Sierra Leone’s President Ernest Bai Koroma attends a meeting of regional group Economic Community of West African States (ECOWAS) in Yamoussoukro June 29, 2012.
Credit: Reuters/Thierry Gouegnon
(Reuters) – Sierra Leone has declared a state of emergency and called in troops to quarantine Ebola victims, joining neighboring Liberia in imposing controls as the death toll from the outbreak of the virus hit 729 in West Africa.
The World Health Organization said it would launch a $100 million response plan on Friday during a meeting with the affected nations in Guinea. It was in urgent talks with donors and international agencies to send more medical staff and resources to the region, it said.
The WHO reported 57 new deaths in the four days to July 27 in Guinea, Liberia, Sierra Leone and Nigeria.
“The scale of the Ebola outbreak, and the persistent threat it poses, requires WHO and Guinea, Liberia and Sierra Leone to take the response to a new level, and this will require increased resources,” WHO Director General Margaret Chan said.
Sierra Leone President Ernest Bai Korom announced a series of emergency measures, to initially last 60 to 90 days, in a speech on Wednesday night.
“Sierra Leone is in a great fight. Failure is not an option,” he said.
Security forces will enforce a quarantine on all centers of the disease and help health officers and aid workers to work unhindered, following attacks on health workers by local people.
The moves followed steps by Liberia which included the closure of all schools and a possible quarantine of affected communities.
The outbreak of the hemorrhagic fever, for which there is no known cure, began in the forests of eastern Guinea in February, but Sierra Leone now has the highest number of cases.
Koroma said he would discuss ways to combat the epidemic with the leaders of Liberia and Guinea at Friday’s meeting.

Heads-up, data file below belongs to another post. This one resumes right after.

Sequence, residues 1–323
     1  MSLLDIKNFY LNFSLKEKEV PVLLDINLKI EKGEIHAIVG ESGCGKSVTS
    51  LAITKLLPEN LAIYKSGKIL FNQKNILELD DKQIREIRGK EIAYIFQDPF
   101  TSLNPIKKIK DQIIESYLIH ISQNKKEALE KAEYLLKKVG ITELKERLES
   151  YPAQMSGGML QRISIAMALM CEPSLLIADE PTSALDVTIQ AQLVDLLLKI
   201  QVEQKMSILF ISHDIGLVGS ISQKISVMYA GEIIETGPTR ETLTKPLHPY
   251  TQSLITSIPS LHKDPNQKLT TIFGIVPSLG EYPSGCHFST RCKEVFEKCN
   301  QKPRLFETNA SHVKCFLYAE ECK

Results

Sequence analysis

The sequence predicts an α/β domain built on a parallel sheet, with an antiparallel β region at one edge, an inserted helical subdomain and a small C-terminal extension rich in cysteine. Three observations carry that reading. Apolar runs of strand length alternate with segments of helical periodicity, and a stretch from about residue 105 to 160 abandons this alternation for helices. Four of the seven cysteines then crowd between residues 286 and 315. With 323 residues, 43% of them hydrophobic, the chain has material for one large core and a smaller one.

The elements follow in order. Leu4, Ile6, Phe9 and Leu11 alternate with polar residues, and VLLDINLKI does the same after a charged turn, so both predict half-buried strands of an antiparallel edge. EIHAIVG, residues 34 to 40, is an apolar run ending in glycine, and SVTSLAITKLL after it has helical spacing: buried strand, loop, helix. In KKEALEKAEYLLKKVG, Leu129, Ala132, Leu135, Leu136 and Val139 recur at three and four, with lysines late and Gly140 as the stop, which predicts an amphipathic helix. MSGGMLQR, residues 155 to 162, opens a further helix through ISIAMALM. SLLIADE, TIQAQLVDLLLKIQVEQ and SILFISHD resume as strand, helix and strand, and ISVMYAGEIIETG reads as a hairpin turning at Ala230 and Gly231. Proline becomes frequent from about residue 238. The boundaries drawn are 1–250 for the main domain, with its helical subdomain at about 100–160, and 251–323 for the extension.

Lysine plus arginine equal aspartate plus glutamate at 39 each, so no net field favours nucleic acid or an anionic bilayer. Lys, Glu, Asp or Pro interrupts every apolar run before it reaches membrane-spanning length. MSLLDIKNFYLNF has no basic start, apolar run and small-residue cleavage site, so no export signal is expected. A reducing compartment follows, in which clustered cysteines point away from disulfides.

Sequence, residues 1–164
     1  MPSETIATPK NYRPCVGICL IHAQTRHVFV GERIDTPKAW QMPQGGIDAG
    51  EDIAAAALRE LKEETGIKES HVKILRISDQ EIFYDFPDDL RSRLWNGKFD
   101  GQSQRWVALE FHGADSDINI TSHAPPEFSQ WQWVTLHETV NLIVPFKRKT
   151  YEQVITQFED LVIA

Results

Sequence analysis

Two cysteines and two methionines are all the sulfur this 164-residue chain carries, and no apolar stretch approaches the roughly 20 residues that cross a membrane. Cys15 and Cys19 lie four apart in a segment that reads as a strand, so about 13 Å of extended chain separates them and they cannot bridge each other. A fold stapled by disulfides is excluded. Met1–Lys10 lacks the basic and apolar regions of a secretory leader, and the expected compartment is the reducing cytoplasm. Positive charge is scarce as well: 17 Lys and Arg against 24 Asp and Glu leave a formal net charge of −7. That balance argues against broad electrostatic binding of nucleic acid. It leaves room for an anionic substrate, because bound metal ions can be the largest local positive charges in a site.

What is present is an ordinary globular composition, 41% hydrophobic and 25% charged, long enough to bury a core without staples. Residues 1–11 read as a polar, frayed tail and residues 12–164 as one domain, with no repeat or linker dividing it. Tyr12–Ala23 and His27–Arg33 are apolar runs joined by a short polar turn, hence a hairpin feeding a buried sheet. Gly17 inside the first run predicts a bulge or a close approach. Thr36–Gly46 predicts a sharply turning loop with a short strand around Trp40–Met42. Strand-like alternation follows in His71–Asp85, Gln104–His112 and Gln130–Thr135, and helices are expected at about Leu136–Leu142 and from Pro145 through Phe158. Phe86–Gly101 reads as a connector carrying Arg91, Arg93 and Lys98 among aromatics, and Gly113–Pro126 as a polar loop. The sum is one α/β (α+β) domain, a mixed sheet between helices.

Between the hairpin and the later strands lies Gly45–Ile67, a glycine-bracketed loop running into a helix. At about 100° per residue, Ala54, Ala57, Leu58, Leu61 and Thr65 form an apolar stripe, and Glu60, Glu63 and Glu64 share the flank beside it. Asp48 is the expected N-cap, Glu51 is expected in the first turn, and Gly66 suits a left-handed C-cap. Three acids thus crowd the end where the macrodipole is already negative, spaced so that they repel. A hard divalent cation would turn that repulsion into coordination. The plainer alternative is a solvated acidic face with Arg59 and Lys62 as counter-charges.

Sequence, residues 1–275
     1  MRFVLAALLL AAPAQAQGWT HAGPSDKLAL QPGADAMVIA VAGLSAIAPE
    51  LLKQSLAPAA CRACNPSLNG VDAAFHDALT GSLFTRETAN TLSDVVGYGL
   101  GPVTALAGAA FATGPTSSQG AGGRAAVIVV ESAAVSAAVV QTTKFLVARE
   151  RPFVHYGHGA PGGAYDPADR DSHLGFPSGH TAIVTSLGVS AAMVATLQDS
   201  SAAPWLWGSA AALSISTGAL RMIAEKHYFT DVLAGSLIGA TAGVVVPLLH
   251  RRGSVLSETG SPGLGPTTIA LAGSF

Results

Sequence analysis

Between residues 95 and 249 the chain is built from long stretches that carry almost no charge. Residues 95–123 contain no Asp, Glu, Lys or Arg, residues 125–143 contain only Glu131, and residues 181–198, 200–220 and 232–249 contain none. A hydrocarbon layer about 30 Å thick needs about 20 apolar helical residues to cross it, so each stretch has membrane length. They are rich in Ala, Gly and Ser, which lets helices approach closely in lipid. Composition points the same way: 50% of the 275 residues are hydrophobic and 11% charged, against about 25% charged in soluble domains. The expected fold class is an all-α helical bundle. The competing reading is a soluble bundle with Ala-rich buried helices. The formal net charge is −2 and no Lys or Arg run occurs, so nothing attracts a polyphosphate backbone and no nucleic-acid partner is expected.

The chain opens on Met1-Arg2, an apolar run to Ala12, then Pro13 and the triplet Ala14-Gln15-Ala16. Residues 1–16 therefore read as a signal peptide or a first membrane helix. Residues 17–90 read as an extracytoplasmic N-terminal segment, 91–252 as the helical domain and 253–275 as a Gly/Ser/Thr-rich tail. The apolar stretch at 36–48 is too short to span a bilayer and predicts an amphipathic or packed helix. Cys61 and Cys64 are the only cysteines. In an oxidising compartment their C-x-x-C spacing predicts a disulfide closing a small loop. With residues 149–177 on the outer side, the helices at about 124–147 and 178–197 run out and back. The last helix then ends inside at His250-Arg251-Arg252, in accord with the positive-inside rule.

The jump in the number of cases and death toll has raised international concern and place poor health facilities in the region under strain.
The United States was providing material and technical support to Guinea, Sierra Leone and Liberia, the senior U.S. diplomat for Africa, Linda Thomas-Greenfield said.
African officials will discuss further assistance at a meeting in Washington next week, she said.
The U.S. Centers for Disease Control and Prevention on Thursday issued a travel advisory against non-essential travel to Guinea, Liberia and Sierra Leone in an effort to curb the spread of the Ebola outbreak.
CDC Director Thomas Frieden said the agency will send an additional 50 health experts to help efforts to control it.
Authorities in Nigeria, which recorded its first Ebola case last week when a U.S. citizen died after arriving on a flight from Liberia, said all passengers traveling from areas at risk would be temperature-screened for the virus.
But international airlines association IATA said the WHO was not recommending any travel restrictions or border closures due to the outbreak, and there would be a low risk to other passengers if an Ebola patient flew.
NEW AIRPORT CONTROLS
The disease kills up to 90 percent of those infected, though the fatality rate in the current epidemic is running at around 60 percent. In the final stages, its symptoms include external bleeding, internal bleeding, vomiting and diarrhea – at which point the virus becomes highly contagious.
Sierra Leone said passengers arriving and departing Lungi International Airport would be subject to new measures, including body temperature scans.
Two regional airlines, Nigeria’s Arik and Asky, canceled all flights to Freetown and Monrovia after a U.S. citizen, Patrick Sawyer, died in Lagos last week after arriving on an Asky flight from Liberia.
The WHO said authorities in Nigeria had identified 59 people in the airport and hospital who had come into contact with Sawyer, whose flight also stopped in Ghana and Togo.
Nigeria’s Civil Aviation Authority suspended Asky for bringing Ebola to Lagos, a city of 21 million people.
Health officials are scrambling to avoid an Ebola outbreak in Lagos, the continent’s biggest metropolis, but say there are so far no signs of further cases.
Ghana is introducing body temperature screening of all travelers from West African countries at Accra airport and other entry points. Authorities there are monitoring 11 passengers who disembarked from Sawyer’s flight.
The U.S. Peace Corps said it was withdrawing 340 volunteers from Liberia, Sierra Leone and Guinea after two of them came in contact with a person who later died of the virus.
(Additional reporting by Daniel Flynn in Dakar, Tom Miles in Geneva, Tim Cocks in Lagos, Clair MacDougall in Monrovia and Adam Bailes in Freetown, Kwasi Kpodo in Accra, Writing by Daniel Flynn and Bate Felix, Editing by; Angus MacSwan)